Intimate setting gives immediacy to ‘A Christmas Carol’ at the Phelps

UPDATE: Additional performances have been added at 10 p.m. Friday and Saturday (Dec. 16 and 17). Call the Phelps at 722-4873.

Reviewed by Nancy Oliveri

For the third year, Jan DeAngelo & Co. and Studio 271 Productions have brought their original adaptation of A Christmas Carol to the Phelps Mansion Museum in Binghamton. The show, which runs through Sunday (Dec. 18), sold out rather quickly, so you will want to be on the alert for ticket sales next year.

Nick DeLucia, Kate Murray, and Chris Nickerson at punch and cookies following the performance.

If you do go next year, be ready to join the actors as a “shadow” to Scrooge, Jacob Marley, the Cratchits and the Ghosts of Christmas Past, Present, and Yet to Come. DeAngelo’s original concept invites a small audience (not more than 30 people) to follow the actors from room to room as they perform, in sequence, the best scenes from Charles Dickens’ signature Christmas novella.  Performance doubles as a tour of the splendid surroundings of the Phelps, which can’t be discounted in terms of the whole experience.

Together, DeAngelo and Kate Murray directed a cast of almost two dozen actors, including themselves, in a production that begs the cooperation of the audience members, who are politely asked by the dapper first narrator (Ted Nappi , then later in the run, Nick DeLucia) not to interact with the cast. Depending on where you are standing (and you will be standing for at least half of the performance) the actors might be close enough to touch, so it’s important to let them do their work.

Because the set-up is like theater in the round, albeit on a very small scale, you may not see every interaction between the performers. The acting is so natural, however, and the script so true to the original book (with some slight accommodations for the limits of time and space) that you can close your eyes and just listen. Anxious not to disrupt the flow of a given scene, audience members may find themselves holding back tears. Joe Bardales as Bob Cratchit and Murray as his good Mrs. absolutely inhabit their characters as they mourn the loss of their beloved little boy, Tiny Tim.  I wanted to hug them both.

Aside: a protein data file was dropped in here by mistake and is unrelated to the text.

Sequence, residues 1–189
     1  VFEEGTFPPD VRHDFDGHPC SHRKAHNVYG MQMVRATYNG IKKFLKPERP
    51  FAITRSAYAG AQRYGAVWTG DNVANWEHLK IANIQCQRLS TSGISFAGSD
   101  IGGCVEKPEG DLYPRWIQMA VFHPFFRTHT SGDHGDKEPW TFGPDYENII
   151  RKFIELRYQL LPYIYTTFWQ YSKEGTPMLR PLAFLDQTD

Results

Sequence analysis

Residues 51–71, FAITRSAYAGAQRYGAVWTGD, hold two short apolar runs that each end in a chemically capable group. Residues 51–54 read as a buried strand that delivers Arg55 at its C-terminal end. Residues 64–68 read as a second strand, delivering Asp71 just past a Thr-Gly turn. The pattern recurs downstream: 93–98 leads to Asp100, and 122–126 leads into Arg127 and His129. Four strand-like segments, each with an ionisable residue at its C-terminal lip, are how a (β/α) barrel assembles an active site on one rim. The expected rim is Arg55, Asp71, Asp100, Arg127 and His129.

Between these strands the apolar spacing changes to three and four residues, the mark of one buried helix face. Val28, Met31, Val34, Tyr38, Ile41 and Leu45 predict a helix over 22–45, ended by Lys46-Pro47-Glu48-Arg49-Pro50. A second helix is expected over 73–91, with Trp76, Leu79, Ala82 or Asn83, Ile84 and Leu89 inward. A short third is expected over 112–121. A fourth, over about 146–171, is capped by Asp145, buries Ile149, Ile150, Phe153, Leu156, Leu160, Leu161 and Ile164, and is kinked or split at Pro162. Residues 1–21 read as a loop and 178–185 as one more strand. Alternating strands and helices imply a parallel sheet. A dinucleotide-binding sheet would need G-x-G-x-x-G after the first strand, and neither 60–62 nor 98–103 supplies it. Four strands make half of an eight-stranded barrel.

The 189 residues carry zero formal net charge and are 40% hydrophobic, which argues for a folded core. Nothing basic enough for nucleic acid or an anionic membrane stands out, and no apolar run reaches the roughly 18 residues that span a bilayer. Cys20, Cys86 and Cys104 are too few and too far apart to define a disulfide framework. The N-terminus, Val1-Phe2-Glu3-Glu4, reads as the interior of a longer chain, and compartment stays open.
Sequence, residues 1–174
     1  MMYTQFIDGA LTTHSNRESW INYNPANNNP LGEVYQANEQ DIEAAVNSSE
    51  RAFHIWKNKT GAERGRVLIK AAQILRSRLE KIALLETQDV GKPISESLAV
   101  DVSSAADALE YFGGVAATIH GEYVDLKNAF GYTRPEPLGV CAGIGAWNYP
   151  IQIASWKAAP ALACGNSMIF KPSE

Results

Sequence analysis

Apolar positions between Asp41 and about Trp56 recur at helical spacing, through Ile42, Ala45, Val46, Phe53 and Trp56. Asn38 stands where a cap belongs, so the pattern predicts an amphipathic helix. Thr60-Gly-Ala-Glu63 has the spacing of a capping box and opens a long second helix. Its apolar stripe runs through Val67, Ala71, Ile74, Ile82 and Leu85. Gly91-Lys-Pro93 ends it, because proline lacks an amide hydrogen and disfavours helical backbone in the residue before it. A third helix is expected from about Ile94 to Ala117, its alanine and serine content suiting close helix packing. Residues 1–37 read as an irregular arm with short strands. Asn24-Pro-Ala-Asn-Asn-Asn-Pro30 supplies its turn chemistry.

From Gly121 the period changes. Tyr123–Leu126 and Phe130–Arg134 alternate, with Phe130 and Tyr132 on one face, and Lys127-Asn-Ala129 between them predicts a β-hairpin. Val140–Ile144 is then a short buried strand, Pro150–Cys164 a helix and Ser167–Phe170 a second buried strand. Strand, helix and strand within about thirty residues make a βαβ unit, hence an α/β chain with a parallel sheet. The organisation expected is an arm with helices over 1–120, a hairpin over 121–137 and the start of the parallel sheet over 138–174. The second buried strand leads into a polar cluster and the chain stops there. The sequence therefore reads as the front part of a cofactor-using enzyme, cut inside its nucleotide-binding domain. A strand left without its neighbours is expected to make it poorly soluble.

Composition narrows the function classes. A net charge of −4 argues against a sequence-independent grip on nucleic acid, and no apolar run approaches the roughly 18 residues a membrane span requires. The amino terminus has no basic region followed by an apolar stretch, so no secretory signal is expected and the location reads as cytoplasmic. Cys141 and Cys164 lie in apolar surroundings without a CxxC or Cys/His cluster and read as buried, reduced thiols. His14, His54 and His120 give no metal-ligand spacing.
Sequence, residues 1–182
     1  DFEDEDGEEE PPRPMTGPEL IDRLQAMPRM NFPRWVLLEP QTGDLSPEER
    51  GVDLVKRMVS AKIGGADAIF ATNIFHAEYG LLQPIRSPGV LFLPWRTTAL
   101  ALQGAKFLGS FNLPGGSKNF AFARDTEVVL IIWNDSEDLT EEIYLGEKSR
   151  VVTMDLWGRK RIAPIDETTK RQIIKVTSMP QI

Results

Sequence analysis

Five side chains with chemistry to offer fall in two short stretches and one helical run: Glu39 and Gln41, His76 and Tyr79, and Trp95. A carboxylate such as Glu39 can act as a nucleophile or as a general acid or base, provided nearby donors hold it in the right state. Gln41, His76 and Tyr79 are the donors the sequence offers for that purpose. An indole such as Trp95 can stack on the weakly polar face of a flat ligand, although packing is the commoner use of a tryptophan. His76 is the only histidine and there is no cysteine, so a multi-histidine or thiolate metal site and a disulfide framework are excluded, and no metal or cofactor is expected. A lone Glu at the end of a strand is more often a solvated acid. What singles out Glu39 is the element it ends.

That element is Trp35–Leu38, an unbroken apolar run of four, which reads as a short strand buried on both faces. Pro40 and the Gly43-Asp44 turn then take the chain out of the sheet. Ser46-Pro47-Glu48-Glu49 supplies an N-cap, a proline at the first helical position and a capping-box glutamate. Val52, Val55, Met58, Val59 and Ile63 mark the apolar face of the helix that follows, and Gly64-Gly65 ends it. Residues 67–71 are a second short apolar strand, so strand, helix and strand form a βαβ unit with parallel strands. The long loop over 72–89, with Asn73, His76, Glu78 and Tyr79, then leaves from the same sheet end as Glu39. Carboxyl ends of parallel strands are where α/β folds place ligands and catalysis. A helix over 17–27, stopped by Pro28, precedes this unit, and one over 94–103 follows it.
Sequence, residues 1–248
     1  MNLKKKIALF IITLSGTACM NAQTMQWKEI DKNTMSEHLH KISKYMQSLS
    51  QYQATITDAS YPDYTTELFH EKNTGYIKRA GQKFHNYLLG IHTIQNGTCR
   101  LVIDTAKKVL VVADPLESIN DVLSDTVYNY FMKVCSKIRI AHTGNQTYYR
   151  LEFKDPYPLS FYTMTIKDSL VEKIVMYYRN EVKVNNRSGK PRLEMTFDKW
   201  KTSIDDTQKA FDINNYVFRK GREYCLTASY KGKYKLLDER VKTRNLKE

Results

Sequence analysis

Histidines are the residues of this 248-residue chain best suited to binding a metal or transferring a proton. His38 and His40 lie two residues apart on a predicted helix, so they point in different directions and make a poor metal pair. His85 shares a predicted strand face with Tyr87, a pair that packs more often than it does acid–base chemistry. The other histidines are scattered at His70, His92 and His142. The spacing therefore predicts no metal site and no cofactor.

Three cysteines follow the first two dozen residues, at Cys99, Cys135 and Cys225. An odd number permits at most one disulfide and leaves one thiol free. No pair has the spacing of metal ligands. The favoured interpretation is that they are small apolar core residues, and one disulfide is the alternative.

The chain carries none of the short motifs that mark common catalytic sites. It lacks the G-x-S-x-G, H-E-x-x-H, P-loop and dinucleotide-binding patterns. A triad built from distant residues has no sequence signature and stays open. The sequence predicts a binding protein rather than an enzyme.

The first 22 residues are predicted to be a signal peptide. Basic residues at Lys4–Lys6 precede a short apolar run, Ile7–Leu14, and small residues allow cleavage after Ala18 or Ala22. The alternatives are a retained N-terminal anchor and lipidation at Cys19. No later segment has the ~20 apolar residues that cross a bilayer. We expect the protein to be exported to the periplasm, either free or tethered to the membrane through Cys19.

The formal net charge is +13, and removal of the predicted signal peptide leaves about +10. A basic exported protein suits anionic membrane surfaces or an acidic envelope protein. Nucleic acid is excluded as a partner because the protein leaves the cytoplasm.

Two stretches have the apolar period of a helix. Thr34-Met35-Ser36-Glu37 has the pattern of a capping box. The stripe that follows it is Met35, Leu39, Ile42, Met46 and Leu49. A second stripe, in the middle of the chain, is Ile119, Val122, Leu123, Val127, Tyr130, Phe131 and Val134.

Chris Nickerson reprises his role as Ebenezer Scrooge, the miserable old sock whose days in the counting house have trained his focus on only one thing; money. Scrooge is a character who must undergo some changes in order to act upon the lessons taught to him. Nickerson’s job is to convince us that he’s been redeemed, and he does it in a number of tiny, compelling ways. One of the busiest actors in the region, Nickerson gives everything he does 100 percent.

The role of Marley was shared on different nights by Ted Nappi, whom I did not see, and DeAngelo, who must have envisioned himself as the stomping, howling, chain-dragging specter, when he began to generate this concept. DeAngelo’s Marley is a little more hale than I am used to imagining a guy who has been dead for seven years, but he is frightening, for sure.

Judy McMahon is back as the Ghost of Christmas Past. Her prompting of Scrooge to revisit his childhood and youth is urgent, yet gentle.

Jennifer Donlin as the larger-than-life Ghost of Christmas Present represents a stroke of inspired casting. I have never seen this ghost portrayed as, and by, a woman. With Sean Haggerty and Rosie Haggerty as the “scary children” close at her feet, her lesson on Ignorance and Want (which the children represent) is one of more timely messages of this classic story.

Mary Donnelly (Sean and Rosie’s mother in real life) has a beautiful speaking voice and delivery. Early in the performance, she and Donlin appear in Scrooge’s counting house as unwelcome advocates for the poor. Later, as the second narrator, Donnelly shepherds the audience through the narrow doorways from scene to scene.

DeLucia and Nappi also share the role of the Ghost of Christmas Yet to Come, who says nothing and is hidden behind a mask, but is feared most of all by Scrooge. He reveals to Scrooge people who take actual pleasure in his passing: a charwoman,a laundress, and the undertaker. Please watch Mr. Magoo’s Christmas Carol to see where DeAngelo, McMahon and Missy Harris must have gotten their inspiration for these deplorables. They are perfect!

Supporting roles belong to Elliot Allen as young Scrooge’s friend, Dick Wilkins; Michael Rundell as the precious Tiny Tim, and Elijah Ramia, Molly Murray and Katelyn Rundell as the other Cratchit children. Terri-Jo Ramia and Sue Connelly join many of the leads as additional townsfolk.

Murray’s script adaptation is as true a retelling as any, with one of the most poignant representations of the scenes between Young Scrooge (Mike Ferguson) and his betrothed, Belle, touchingly played by Samantha Sloma. This is one of the few scenes that plays in the large space of the Phelps ballroom, so you won’t miss a thing and you also get to sit. Another joyful interlude in the ballroom involves the Fezziwigs’ Christmas party, and the dancing party-goers’ reel is a joy to watch. Jeffrey Wahl and Harris as Mr. and Mrs. Fezziwig set the tone with music and song.

There are 13 Christmas stories by Dickens, but this is the most well-known and widely adapted. Scores of versions of A Christmas Carol have been staged or filmed, but I don’t remember anything quite like this one. I hope you can see it some day.

Joe Scheurch at the Phelps makes accommodations for those who can’t negotiate the stairs or who cannot stand for extended periods. Assisting with costumes, props and lighting are Jana Kucera, Shannon DeAngelo and Sonya Rundell.

Last Sunday’s performance (Dec. 11) was canceled due to inclement weather, but as of this writing, another performance has not been scheduled.

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